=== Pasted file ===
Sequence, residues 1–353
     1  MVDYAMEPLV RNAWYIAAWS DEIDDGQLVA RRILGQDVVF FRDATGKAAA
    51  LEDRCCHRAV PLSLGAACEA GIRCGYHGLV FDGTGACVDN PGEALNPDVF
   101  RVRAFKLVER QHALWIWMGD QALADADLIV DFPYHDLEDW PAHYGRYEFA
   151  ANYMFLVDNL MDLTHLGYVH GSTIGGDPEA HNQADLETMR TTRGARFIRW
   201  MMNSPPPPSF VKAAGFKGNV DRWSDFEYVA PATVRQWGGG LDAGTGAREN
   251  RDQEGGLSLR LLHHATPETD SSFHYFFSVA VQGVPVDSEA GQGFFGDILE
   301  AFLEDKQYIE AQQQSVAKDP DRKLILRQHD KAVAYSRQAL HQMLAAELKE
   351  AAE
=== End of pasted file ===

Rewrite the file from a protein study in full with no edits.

Sequence, residues 1–353
     1  MVDYAMEPLV RNAWYIAAWS DEIDDGQLVA RRILGQDVVF FRDATGKAAA
    51  LEDRCCHRAV PLSLGAACEA GIRCGYHGLV FDGTGACVDN PGEALNPDVF
   101  RVRAFKLVER QHALWIWMGD QALADADLIV DFPYHDLEDW PAHYGRYEFA
   151  ANYMFLVDNL MDLTHLGYVH GSTIGGDPEA HNQADLETMR TTRGARFIRW
   201  MMNSPPPPSF VKAAGFKGNV DRWSDFEYVA PATVRQWGGG LDAGTGAREN
   251  RDQEGGLSLR LLHHATPETD SSFHYFFSVA VQGVPVDSEA GQGFFGDILE
   301  AFLEDKQYIE AQQQSVAKDP DRKLILRQHD KAVAYSRQAL HQMLAAELKE
   351  AAE